from Orlando Sentinel Editorials August 08:
We think: Opponents of more offshore drilling should stand firm
With gasoline prices still painfully high, polls show it's risky for politicians to stand in the way of more offshore oil drilling. That's been enough to persuade plenty of them to abandon their well-founded opposition.
Political courage, like oil, can be hard to find.
But the federal government's own Energy Information Administration has debunked the notion that Americans would get quick relief from high gas prices if lawmakers would only lift the congressional moratorium on drilling in the eastern Gulf of Mexico and the Atlantic and Pacific coasts. The EIA says oil produced from those areas would not hit the market for up to a decade.
Even by 2030, it's impact on gas prices would be insignificant--perhaps a few pennies per gallon.
Offshore-drilling advocates also argue that additional production would reduce US dependence on imported oil. Same story: New crude would take years to materialize. Even then, the EIA projects the oil from waters now off-limits to drilling would meet just 1.4 percent of total US demand in 2025.
Most of the offshore reserves--79 percent-already are open for drilling, according to to the federal Minerals Management Service. Now consider that United States had just 3 percent of the worlds oil reserves but accounts for 24 percent of the world's consumption.
Yet these limited gains from additional drilling would increase environmental hazards for Florida and the other coastal states.
Drilling advocates often cite the lack of a major spill from Gulf platforms during Hurricane Katrina and Rita as proof that rigs are environmentally safe. In fact, the two hurricanes caused more than 100 smaller spills totaling more than 700,000 gallons.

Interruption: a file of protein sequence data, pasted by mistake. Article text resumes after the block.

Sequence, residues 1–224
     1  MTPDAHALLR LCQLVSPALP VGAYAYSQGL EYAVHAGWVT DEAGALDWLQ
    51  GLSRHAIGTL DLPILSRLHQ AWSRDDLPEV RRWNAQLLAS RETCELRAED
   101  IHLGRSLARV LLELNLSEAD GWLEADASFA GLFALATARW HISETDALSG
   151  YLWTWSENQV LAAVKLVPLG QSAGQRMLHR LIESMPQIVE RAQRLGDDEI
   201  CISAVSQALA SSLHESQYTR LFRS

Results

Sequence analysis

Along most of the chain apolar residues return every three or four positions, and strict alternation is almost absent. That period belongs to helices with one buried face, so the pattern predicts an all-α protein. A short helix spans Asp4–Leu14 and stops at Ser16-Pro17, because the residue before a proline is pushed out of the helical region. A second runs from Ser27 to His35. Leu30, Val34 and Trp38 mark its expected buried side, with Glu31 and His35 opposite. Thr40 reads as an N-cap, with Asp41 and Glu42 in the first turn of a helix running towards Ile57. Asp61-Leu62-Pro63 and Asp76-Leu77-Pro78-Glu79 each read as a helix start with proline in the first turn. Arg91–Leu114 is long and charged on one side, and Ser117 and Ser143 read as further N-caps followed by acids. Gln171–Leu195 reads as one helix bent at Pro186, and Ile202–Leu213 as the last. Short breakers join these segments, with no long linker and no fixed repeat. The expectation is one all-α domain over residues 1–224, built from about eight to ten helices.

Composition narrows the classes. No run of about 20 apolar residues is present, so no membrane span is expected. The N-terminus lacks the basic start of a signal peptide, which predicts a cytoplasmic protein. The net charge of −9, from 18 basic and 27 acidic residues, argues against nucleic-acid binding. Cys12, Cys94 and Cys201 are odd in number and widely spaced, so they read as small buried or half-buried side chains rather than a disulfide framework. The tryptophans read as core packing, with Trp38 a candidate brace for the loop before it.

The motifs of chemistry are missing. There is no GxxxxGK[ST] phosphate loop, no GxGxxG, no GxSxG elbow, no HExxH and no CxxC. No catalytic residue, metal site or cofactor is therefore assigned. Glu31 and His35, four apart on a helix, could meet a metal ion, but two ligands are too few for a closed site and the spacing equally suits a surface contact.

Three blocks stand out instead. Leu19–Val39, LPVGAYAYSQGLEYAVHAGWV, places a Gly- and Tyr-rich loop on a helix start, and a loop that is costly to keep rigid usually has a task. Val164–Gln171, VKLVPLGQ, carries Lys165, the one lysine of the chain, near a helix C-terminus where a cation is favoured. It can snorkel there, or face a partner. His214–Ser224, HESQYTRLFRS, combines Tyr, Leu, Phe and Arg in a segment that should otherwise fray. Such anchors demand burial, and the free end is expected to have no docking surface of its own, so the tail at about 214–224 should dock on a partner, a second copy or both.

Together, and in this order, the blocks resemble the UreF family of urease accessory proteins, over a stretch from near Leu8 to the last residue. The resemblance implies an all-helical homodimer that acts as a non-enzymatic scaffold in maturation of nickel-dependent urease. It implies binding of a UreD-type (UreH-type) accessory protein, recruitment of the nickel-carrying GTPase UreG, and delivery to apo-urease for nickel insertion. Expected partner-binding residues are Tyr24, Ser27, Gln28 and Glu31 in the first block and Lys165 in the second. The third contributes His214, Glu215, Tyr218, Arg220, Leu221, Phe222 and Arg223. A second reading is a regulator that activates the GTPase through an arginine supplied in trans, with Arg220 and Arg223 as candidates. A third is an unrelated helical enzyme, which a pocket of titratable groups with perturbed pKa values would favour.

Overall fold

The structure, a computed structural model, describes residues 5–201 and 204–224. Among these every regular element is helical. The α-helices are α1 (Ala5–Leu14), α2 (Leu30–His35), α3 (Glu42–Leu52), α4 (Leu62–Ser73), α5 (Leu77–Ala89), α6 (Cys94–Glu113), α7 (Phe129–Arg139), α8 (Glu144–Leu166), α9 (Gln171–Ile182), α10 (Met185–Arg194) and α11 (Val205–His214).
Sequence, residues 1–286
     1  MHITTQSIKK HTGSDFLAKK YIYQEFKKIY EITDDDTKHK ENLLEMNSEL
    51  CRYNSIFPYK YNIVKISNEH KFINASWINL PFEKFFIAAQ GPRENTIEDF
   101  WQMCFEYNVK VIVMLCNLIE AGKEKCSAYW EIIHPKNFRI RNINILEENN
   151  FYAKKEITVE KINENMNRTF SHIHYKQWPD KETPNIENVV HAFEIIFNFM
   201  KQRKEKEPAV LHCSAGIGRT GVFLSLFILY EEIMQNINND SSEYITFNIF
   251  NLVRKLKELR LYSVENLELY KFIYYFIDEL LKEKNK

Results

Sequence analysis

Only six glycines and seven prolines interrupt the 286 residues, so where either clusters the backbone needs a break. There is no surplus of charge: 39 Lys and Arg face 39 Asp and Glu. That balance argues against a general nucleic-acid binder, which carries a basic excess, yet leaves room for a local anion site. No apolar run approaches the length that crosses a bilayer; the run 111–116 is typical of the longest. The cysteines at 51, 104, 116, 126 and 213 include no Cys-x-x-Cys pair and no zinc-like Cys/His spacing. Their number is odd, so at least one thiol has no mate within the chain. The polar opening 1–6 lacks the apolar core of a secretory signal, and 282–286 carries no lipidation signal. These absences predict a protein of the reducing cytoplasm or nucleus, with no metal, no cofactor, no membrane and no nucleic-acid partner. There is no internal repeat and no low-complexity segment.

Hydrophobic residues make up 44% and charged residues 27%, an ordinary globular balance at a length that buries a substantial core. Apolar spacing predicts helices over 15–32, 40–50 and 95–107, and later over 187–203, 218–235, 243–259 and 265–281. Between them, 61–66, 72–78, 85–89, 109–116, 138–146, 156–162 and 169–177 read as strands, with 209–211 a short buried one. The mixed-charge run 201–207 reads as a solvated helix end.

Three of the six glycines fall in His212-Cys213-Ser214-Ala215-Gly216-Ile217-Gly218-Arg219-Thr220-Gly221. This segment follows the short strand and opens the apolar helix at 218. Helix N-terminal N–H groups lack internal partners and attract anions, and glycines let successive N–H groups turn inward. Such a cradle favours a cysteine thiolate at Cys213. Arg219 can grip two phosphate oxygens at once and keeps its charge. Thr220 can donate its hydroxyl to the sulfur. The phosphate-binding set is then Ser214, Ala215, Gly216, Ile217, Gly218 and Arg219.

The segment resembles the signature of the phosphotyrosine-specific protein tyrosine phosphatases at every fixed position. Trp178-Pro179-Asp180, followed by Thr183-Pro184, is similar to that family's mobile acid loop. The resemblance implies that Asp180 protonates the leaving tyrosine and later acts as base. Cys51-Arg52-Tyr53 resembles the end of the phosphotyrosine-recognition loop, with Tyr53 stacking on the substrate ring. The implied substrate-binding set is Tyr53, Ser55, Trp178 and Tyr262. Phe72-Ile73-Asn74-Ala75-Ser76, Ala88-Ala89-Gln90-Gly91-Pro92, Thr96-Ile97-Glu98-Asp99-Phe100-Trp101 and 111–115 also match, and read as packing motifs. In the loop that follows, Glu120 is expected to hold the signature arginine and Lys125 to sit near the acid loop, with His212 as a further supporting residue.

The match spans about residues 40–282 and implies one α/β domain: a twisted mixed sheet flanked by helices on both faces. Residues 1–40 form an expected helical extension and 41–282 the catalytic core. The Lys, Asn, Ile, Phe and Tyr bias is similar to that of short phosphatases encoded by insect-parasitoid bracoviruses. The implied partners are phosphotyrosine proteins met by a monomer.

A spill in the eastern Gulf could devastate Florida's $65 billion a year tourism industry--not just for what it might do to the coast's beaches, but also for the harm it could do to marine life. A spill also could threaten the Atlantic coast because of the current that flows from the Gulf through the Florida straits to the Gulf Stream.
Risks such as these led Florida's two US senators to hammer out a 2006 compromise on drilling in the Gulf. It opened 8.3 million more acres to drilling but created a 125 mile buffer off Florida's coast. Given the marginal impact on prices and production, and the risks to the environment, of still more drilling, there is no call for sinking that deal.
Expanding offshore drilling also would undermine the imperative of reducing greenhouse gas emissions. It would abet America's oil addiction. It would divert attention from developing cleaner, more secure alternatives, and from conservation.
There's no need for foes of additional offshore drilling to wave the white flag. They still have reason on their side.